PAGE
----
One of the most liberating and stressful parts about owning a business is making decisions. Having the final say isn’t always what it’s cracked up to be — especially when times are tough.
It’s somewhat easier to trust your gut when you’re the primary one impacted by an outcome. Things get tricky when employees are factored into the mix.
As we approach the new year, many of us in the small business world are doing so with cautious optimism. The events of 2020 made a lot of decisions for us but as a whole, the choice is still ours on how to proceed.
Tough business decisions are always going to present themselves. How we respond to them though, is something that — with a bit of mindfulness — is totally within our control.
View the Decision With Fresh Eyes
Psychologists have found that when it comes to making decisions, timing is key.
How many times have you been given the advice to “sleep on it” when tasked with a tough choice? The morning hours are much more productive for decision-making than later in the day.
In the morning, your mind is refreshed and not yet bogged down from a day of meetings, staring at a computer screen, helping kids with homework, etc. You have the clarity to approach a decision with more thoughtfulness and accuracy.
Be Mindful of Mood
This isn’t the first or last time we’ll bring up the power of a positive attitude in business. Negative thoughts beget negative outcomes, so if you’re not in a good headspace, it might be best to put that big decision on the backburner.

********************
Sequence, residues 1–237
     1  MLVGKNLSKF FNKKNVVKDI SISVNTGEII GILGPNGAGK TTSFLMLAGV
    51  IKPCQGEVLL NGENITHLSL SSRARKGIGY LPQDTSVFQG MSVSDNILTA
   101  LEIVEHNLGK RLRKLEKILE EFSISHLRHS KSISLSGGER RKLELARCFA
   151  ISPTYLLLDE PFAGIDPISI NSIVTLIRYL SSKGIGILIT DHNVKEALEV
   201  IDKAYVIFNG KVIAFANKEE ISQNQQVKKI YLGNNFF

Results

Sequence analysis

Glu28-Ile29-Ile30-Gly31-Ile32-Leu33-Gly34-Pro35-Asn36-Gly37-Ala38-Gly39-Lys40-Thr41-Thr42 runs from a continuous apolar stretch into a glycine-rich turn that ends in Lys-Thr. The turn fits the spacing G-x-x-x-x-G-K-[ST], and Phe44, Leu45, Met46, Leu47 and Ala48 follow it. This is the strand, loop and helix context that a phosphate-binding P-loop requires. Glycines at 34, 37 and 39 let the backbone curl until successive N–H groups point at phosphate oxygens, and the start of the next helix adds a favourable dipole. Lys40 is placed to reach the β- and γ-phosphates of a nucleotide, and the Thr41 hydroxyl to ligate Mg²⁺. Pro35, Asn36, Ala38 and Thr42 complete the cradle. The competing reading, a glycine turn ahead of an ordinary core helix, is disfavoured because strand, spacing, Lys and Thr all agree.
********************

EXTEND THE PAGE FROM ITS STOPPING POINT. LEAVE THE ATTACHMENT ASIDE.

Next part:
When depressed or upset, you’re much more likely to think irrationally or jump into a decision too quickly. It’s also more difficult to view a decision through the lens of others when emotions are heightened.
Consider the Paradox of Choice
The paradox of choice stems from a book written by American psychologist Barry Schwartz. In it, Schwartz argues that having more choices doesn’t always lead to a better outcome.
Think in terms of choosing jam at the grocery store, for example. Studies have shown that people are more likely to land on a decision and purchase when presented with fewer options.
When we’re presented with more, we have more to question; more possible outcomes to look back on and imagine how they would’ve turned out.
As you master the art of decision-making, try not to get held up on the details. This doesn’t mean you jump in without doing your research but be mindful of overwhelm. There’s a difference between due diligence and stalling.
Flip a Coin
Can flipping a coin actually help you make smarter decisions? Maybe.
While we won’t sit here and tell you to turn to a coin for every major life choice you’re confronting, we also won’t tell you not to. View it as an exercise for helping you become better acquainted with gut instincts.
The idea is simple: assign two options to either side of a coin, flip it, and gauge how you feel when it lands. If you feel relieved at the sight of the side a coin has landed on, it may be the option you’re most drawn to. Alternatively, if you feel uneasy, the option might pose some problems worth revisiting.
A coin won’t set the final decision into motion (unless you want it to). It can, however, be a great tool to use in taking a step back and reconnecting with your intuition.